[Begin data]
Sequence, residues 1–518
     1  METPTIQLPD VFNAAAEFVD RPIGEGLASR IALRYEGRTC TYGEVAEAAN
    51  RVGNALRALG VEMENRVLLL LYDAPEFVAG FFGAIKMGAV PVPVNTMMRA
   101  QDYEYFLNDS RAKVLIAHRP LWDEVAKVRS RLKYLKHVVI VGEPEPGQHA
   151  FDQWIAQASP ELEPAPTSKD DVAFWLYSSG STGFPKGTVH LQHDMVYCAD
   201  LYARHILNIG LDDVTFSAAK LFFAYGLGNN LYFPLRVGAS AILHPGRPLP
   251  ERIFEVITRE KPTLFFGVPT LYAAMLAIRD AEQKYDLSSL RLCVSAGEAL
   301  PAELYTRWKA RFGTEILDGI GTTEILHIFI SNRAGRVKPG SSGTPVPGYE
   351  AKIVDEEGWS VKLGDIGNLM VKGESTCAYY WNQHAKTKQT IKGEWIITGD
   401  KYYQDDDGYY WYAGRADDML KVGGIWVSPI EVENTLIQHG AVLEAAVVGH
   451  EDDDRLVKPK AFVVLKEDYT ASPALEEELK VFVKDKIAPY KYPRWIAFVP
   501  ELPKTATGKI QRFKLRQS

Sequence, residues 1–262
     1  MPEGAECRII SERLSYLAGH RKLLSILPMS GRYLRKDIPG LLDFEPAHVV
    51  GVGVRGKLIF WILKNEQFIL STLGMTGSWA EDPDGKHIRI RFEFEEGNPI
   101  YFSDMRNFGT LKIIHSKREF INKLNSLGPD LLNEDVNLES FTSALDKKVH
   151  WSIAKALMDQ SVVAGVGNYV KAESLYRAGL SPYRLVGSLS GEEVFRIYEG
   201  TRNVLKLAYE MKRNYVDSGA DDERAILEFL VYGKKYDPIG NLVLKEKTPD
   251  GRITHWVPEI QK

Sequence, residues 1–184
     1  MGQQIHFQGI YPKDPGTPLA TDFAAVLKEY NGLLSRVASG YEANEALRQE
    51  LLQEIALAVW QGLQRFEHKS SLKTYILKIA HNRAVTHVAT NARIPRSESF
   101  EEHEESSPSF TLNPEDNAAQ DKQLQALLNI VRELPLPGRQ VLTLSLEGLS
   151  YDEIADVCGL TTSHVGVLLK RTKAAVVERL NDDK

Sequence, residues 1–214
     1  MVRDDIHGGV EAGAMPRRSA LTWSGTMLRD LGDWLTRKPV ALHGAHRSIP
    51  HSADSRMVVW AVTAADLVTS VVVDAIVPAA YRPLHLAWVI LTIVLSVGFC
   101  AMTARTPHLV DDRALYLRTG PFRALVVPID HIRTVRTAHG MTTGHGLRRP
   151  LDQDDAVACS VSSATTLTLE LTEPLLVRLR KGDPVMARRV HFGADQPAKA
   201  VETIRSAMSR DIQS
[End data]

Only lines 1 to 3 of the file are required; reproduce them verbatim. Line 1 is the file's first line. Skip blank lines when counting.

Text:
Sequence, residues 1–518
     1  METPTIQLPD VFNAAAEFVD RPIGEGLASR IALRYEGRTC TYGEVAEAAN
    51  RVGNALRALG VEMENRVLLL LYDAPEFVAG FFGAIKMGAV PVPVNTMMRA